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Confused about using getter/setter for arrays

 
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Hello dear coderanch community,

In my classes we have learned the importance of encapsulation. In this specific case it is about giving variables in (data)classes the acces modifier private. When making getters and setters for primitive private variables the stuff is very basic and easy to understand. However, I get a bit confused when it comes to arrays.

Example


Now I want to access (or change) the x and y from the object properly without making double xy[] public and using xy[0] = 1.0. How can I fill it using the setter?

thanks in advance,

Vib
 
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Did the code compiled successfully?
 
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Arjen Dijksen
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I'll try to make more clear. Made some errors in first post.

Class Log


Main
 
Les Morgan
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All you have to do is use your getter to get a reference to the array, and then print from your reference.

Arjen Dijksen wrote:
//WANT TO PRINT l.xy[0] but this is not allowed because the array is private
//l.xy[0] works though if I make it public but my teacher will kill me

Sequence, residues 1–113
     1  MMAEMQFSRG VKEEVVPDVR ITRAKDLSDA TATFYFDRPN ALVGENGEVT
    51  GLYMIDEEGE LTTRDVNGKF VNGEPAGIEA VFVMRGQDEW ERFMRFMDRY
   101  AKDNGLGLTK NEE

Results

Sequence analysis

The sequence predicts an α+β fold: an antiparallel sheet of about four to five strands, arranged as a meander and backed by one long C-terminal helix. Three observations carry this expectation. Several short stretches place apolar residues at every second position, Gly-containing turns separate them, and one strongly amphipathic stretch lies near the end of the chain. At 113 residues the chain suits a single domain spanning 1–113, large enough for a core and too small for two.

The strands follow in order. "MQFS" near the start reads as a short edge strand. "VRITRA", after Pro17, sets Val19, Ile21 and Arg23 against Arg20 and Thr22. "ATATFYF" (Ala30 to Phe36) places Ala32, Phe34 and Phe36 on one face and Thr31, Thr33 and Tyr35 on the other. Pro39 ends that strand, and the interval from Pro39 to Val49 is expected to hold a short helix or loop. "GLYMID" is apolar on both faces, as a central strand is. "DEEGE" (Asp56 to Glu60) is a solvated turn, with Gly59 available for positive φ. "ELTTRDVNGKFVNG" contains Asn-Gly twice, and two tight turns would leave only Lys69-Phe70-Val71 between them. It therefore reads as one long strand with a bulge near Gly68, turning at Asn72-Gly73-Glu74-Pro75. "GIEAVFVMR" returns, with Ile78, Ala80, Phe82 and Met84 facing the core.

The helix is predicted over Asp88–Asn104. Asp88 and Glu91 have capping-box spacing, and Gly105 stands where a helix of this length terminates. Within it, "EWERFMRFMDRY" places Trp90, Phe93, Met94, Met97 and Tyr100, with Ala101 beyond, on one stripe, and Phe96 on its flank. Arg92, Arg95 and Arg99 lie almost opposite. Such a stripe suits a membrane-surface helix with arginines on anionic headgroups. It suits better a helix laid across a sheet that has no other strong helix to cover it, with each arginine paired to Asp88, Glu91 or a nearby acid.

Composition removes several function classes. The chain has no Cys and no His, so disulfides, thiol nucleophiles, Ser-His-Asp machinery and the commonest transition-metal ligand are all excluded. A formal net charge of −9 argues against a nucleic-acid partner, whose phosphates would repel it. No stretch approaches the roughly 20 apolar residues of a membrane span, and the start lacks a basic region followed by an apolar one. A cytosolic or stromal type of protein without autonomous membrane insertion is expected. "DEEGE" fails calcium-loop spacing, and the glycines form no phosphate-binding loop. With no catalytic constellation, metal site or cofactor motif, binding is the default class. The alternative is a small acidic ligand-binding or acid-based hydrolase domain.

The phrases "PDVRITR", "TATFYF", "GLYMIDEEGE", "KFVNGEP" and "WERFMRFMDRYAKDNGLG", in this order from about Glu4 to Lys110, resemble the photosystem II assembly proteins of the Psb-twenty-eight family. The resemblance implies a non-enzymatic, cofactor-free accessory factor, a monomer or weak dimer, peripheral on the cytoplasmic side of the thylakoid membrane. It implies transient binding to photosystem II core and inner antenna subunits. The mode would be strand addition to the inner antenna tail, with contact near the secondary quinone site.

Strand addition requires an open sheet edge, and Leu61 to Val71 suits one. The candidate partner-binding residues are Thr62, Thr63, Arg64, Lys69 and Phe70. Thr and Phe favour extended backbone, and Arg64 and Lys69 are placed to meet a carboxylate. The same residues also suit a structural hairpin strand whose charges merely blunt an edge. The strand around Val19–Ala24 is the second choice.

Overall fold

System.out.println(l.getXy[0]); //???

 
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Welcome to the Ranch

You can return a reference to the array, but there is a risk.Now your array in your object is totally messed up. Try it and see what happens. That is because you have an alias, which means two (or more) references to the same object. You will have to copy the array.Try it again and you find that you now have two separate arrays, and nothing can go wrong with the original version. The same applies when you are passing arrays to the constructor. Using clone() means I am taking a defensive copy. It would probably be better to use
Arrays.copyOf(xy, xy.length)
rather than clone().
 
Les Morgan
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Campbell Ritchie wrote:
It would probably be better to use
Arrays.copyOf(xy, xy.length)
rather than clone().



As internal/hidden workings in the setter also, so no stray references to the object will be laying around.

That has always been a problem with the way Java handles objects, even though, Java passes by value when you have an object you get a reference that is passed by value so you are, in actually, able to access the original object due to multiple references.
 
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Arjen Dijksen wrote:



getXy is a method.
You're missing the () that Java expects from a method call.
getXy()[0].

But also take note of what Campbell says. It may not be entirely relevant to your immediate task, but it is a good habit.
 
Campbell Ritchie
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Les Morgan wrote:. . .
That has always been a problem with the way Java handles objects, . . .

Isn't that a standard problem for any OO language?
 
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Well, C++ has const correctness:
 
Stephan van Hulst
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This is actually something that could have been awesome in Java:
 
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You could also create other setters/getters, such as:


or for a larger array,
 
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